PPT Slide
Lager Image
(a) Chemical structures of substances (hydroquinone, 1-aminopyrene and DAQ) used in this study and (b) redox reaction of DAQ.
To use the obtained DAQ as a conducting additive for a supercapacitor electrode, a viscous slurry for the composite electrode was prepared by mixing activated carbon (MSC-30, specific surface area of 3,000 m 2 ·g −1 , Kansai Cokes, 60 wt.%) as the active material, DAQ (20 wt.%) as a conducting additive, and poly(vinylidene fluoride) (Aldrich, 20 wt.%) as a polymeric binder with N -methyl-2-pyrrolidone as a dispersion solvent in a ball-mill at ambient temperature for 3 h. The composite electrode was fabricated by coating the slurry on a platinum current collector (1.0 cm × 1.0 cm) and drying at 100 °C in an oven to evaporate the solvent component. The surface morphologies of activated carbon, DAQ powder, and their composite were observed using a scanning electron microscope (Hitachi S-4800). As a result, 0.12 mg was confirmed as the loading level for the nonvolatile component applied to the surface of the platinum current collector. For comparison, a sample of the activated carbon electrode was also prepared in the same manner without DAQ. To compare the electrical conductivity of each sample in an aqueous electrolyte solution of 1 M H 2 SO 4 , a complex impedance spectroscopy was also performed using an Autolab instrument (PGstat 100, Eco Chemie) in the frequency range of 10 −2 Hz to 10 5 Hz with a stimulus potential of 0.45 V. The chemical species of hydroquinone, 1-aminopyrene, and the synthesized DAQ powders were characterized using Fourier-transform infrared spectroscopy (Bomem MB100).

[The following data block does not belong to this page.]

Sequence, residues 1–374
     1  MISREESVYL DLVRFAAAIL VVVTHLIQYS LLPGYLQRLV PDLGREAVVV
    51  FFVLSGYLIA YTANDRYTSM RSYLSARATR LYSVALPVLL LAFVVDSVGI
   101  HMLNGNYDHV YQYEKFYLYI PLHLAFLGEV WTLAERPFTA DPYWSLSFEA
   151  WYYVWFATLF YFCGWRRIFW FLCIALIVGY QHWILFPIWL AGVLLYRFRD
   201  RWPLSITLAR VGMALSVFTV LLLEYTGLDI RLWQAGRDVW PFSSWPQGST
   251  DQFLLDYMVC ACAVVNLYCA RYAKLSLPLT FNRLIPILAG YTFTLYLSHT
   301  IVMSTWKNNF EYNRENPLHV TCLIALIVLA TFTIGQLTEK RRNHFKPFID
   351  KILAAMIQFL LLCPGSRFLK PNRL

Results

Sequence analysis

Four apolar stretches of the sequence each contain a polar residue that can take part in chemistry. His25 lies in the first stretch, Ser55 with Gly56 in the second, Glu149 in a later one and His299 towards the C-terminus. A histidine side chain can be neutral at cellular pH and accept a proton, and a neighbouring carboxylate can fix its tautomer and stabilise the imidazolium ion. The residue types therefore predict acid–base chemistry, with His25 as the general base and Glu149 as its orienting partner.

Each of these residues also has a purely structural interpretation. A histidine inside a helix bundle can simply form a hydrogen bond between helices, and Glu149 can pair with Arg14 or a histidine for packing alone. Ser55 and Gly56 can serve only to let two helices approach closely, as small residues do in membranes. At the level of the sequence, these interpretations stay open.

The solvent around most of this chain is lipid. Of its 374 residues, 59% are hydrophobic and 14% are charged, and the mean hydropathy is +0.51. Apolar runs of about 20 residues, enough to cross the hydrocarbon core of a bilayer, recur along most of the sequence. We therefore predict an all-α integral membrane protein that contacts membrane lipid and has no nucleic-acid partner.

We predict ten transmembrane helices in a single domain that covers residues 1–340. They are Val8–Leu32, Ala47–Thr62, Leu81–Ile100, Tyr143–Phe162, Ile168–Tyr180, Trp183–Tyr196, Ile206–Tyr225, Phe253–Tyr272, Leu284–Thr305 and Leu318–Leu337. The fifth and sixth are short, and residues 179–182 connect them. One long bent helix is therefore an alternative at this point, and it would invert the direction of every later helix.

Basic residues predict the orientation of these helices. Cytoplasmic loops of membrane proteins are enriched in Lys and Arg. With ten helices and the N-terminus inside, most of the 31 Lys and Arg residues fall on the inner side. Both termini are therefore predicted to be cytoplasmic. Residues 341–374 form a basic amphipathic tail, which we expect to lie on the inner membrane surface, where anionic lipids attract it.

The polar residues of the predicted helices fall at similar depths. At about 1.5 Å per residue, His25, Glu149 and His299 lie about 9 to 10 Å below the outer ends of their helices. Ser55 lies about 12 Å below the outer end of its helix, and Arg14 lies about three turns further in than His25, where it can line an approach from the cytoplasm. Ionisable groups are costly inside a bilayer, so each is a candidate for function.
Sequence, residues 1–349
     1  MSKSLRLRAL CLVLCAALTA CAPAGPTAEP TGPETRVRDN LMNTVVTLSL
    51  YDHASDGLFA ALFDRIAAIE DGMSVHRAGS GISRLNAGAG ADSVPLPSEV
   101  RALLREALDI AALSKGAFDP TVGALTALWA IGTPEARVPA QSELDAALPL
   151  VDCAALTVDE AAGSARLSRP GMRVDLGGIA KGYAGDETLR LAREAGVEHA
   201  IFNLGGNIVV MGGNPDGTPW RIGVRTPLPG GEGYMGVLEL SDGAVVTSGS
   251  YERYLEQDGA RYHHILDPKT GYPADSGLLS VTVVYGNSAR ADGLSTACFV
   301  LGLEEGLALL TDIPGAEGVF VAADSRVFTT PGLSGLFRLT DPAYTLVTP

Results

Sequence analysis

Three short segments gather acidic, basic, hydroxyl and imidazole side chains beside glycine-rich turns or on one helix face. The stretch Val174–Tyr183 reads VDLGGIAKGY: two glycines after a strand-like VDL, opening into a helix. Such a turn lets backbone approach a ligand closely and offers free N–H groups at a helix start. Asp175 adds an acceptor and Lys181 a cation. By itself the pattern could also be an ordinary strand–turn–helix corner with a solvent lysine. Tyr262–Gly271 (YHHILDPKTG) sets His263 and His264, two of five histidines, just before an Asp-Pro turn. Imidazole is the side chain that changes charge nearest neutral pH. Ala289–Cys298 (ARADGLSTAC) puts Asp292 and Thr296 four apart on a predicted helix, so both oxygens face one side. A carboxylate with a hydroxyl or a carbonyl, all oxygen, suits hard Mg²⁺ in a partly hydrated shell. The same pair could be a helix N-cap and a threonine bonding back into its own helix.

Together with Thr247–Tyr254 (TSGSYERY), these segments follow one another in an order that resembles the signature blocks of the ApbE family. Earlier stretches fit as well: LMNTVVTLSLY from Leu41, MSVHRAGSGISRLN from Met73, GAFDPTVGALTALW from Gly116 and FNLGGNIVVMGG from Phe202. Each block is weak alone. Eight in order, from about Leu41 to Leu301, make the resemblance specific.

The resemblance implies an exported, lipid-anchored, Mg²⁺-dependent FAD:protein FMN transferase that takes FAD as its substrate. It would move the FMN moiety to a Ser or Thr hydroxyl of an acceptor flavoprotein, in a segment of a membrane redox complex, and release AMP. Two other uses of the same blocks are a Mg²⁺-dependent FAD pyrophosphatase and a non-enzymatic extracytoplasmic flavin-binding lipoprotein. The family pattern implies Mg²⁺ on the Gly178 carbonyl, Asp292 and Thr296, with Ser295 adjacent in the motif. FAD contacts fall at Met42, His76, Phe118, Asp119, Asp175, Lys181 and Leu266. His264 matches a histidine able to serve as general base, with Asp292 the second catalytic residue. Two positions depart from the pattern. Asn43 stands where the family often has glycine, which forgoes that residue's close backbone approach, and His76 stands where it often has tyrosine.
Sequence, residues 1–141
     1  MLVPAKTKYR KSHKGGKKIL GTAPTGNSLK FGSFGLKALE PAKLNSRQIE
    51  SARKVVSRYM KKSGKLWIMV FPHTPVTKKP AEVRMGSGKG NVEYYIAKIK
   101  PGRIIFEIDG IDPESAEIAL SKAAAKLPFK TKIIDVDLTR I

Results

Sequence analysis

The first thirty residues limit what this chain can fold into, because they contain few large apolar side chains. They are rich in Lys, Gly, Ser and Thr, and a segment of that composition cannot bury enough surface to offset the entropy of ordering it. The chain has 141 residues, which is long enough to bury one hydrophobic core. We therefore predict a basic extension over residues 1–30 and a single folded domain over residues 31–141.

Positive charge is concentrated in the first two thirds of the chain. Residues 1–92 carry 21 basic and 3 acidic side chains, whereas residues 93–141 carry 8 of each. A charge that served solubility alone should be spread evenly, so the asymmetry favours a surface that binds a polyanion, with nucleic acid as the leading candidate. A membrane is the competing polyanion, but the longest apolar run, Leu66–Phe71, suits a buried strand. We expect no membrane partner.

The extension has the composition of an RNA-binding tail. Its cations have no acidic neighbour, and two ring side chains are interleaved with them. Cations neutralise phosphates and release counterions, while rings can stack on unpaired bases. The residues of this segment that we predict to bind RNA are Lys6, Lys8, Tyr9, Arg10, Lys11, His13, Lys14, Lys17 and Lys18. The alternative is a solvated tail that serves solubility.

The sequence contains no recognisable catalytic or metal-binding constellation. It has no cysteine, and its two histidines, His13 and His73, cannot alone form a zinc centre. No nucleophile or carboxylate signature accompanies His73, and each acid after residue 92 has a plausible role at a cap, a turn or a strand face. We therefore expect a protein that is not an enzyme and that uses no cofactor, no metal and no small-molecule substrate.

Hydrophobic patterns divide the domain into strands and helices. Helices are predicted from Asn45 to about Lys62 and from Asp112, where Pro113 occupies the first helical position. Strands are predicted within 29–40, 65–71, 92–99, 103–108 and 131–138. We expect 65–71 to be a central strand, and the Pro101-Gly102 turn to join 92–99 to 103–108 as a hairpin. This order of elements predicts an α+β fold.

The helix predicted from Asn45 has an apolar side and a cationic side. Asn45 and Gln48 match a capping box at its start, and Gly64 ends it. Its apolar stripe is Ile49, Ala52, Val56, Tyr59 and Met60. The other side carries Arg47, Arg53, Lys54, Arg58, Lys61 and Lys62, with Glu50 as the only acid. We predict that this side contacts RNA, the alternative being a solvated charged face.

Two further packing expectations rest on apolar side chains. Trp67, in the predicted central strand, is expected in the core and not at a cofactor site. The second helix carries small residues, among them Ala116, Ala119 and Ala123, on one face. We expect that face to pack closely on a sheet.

The cyclic voltammetry measurement was conducted in a three-electrode cell, which was equipped with a reference electrode made up of Ag/AgCl saturated with KCl, platinum as a counter electrode, and samples (DAQ, the activated carbon, and their composite) as a working electrode in an aqueous electrolyte solution of 1 M H 2 SO 4 , using an Autolab instrument (PGstat 100, Eco Chemie) at different scan rates of 100 mV·s −1 to 1,000 mV·s −1 at a potential range of −0.2 V to 0.8 V versus Ag/AgCl. The specific capacitance ( C ) was calculated as a function of the scan rate using the equation